Figure 4. Effect of glycation on the amyloid aggregation of human SOD and ApoSOD. Human SOD and ApoSOD glycated in the presence of 0.5 M D-ribose or 5 mM methylglyoxal for 8 days were incubated under stirring at 37°C and analyzed at 10 days of incubation by ThT fluorescence assay. Similarly, samples incubated in the absence of glycating agent were also tested. ThT fluorescence emission was recorded at 482 nm upon excitation at 450 nm. Other experimental conditions are described in the Materials and Methods section.
Taken together, these results strongly suggest that glycation with both D-ribose or methylglyoxal strongly inhibits amyloid fibrils formation in ApoSOD and does not promote amyloid aggregation in native SOD. Transmission electron microscopy (TEM) measurements further confirmed these data (Figure 5). Indeed, consistent with the ThT staining, the TEM images recorded for ApoSOD at 10 days of incubation in aggregation conditions revealed the presence of mature fibrils only in the absence of glycating agent. No prefibrillar aggregates and/or mature fibrils were detected in the sample glycated with D-ribose. Similar results were obtained in the presence of methylglyoxal.
Figure 5. Transmission electron microscopy. ApoSOD glycated in the absence (A) and in the presence (B) of 0.5 M D-ribose for 8 days was incubated under stirring at 37°C and analyzed at 10 days of incubation by TEM microscopy. Experimental details are described in the Materials and Methods section.
Cytotoxicity of Glycated SOD and ApoSOD
As oligomeric intermediates are the most toxic species respect to mature fibrils, to better clarify the role of glycation in amyloid aggregation, viability of cells exposed to ribose-glycated SOD and ApoSOD before and after 10 days of aggregating conditions (stirring at 37°C) was also evaluated (Figure 6). The cytotoxicity of such glycated protein was studied in both endothelial (CPAE) and neurotypical (SHSY5Y) cell lines and very similar results were obtained for both cellular models.
Figure 6. Effect of glycated SOD and ApoSOD on cell viability. SH-SY5Y cells were exposed for 24 h to different SOD (A) and ApoSOD samples (B) and cell viability was evaluated by MTT assay. Protein incubated in the absence (SOD/ApoSOD) and in the presence (SOD_Rib/ApoSOD_Rib) of D-ribose for 8 days. These samples were also tested after 10 days in aggregation conditions (_stirring). CTR represents untreated cells. Data are expressed as average percentage of MTT reduction ±SD relative to control cells from triplicate wells from 5 separate experiments (p < 0.01). Protein concentration was 20 μM, other experimental conditions are described in the Materials and Methods section.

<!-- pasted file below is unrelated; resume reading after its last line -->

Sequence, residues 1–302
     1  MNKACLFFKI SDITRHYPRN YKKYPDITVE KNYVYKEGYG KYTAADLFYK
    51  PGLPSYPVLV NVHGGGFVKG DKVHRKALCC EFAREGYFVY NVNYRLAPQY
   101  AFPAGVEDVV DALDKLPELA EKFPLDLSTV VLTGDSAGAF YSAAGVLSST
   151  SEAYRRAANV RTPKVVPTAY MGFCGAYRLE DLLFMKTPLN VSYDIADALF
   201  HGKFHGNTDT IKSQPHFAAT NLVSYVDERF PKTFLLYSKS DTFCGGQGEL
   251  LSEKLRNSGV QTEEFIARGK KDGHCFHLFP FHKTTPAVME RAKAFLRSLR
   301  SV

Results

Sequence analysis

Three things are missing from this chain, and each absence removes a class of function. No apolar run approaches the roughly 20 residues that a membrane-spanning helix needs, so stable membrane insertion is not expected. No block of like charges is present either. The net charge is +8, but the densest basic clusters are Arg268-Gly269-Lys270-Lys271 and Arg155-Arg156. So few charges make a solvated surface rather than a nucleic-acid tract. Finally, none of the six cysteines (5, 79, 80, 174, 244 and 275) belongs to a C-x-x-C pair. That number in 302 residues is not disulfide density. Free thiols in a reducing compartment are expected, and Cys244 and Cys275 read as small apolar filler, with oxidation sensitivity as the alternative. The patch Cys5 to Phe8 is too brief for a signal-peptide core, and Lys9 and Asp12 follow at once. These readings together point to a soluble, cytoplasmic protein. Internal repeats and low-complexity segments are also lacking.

As expected, no toxicity was detected for the native SOD both before and after aggregating conditions. Interestingly, a weak toxicity was shown for glycated forms. In particular, the same extent of toxicity was observed for glycated SOD both before and after stirring thus indicating that toxicity is not related to the formation of cytotoxic oligomers but only to glycated products (Figure 6A).
When the cells were incubated with ApoSOD no cytotoxicity was shown as expected. Similarly, the ApoSOD incubated for 10 days upon stirring did not alter cell viability indicating that amyloid fibrils formed upon stirring are harmless. On the contrary, the cell viability decreased significantly when cells were exposed to the glycated ApoSOD (Figure 6B). In particular, glycated ApoSOD was able to induce strong cytotoxicity both before and after stirring. The strong MTT reduction (around 40%) observed in cells exposed to the glycated proteins suggests that glycation promotes the formation of highly cytotoxic species AGEs-associated, although inhibiting amyloid aggregation in ApoSOD. These results suggest that the non-amyloidogenic oligomers are the species responsible for cytotoxicity.
Indeed, AGEs modified proteins are known to affect cell viability through the interaction with specific cellular receptors (RAGE) that lead to the activation of signaling pathways involving inflammatory and apoptotic processes and irrespectively of their amyloid properties. (Lue et al., 2005; Vicente Miranda and Outeiro, 2010). Also, the higher toxicity observed for the glycated ApoSOD compared to the native SOD could be associated to its higher degree of glycation.